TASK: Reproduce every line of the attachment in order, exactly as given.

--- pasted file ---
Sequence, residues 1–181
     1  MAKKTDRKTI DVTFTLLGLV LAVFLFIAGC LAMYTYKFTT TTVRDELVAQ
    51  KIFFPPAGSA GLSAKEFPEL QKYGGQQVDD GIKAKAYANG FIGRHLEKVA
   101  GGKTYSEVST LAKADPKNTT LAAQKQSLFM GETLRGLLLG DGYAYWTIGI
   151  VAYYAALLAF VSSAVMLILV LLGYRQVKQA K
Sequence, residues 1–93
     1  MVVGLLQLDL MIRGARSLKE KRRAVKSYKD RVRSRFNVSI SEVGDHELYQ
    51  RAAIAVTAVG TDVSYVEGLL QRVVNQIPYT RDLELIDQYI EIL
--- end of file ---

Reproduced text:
Sequence, residues 1–181
     1  MAKKTDRKTI DVTFTLLGLV LAVFLFIAGC LAMYTYKFTT TTVRDELVAQ
    51  KIFFPPAGSA GLSAKEFPEL QKYGGQQVDD GIKAKAYANG FIGRHLEKVA
   101  GGKTYSEVST LAKADPKNTT LAAQKQSLFM GETLRGLLLG DGYAYWTIGI
   151  VAYYAALLAF VSSAVMLILV LLGYRQVKQA K
Sequence, residues 1–93
     1  MVVGLLQLDL MIRGARSLKE KRRAVKSYKD RVRSRFNVSI SEVGDHELYQ
    51  RAAIAVTAVG TDVSYVEGLL QRVVNQIPYT RDLELIDQYI EIL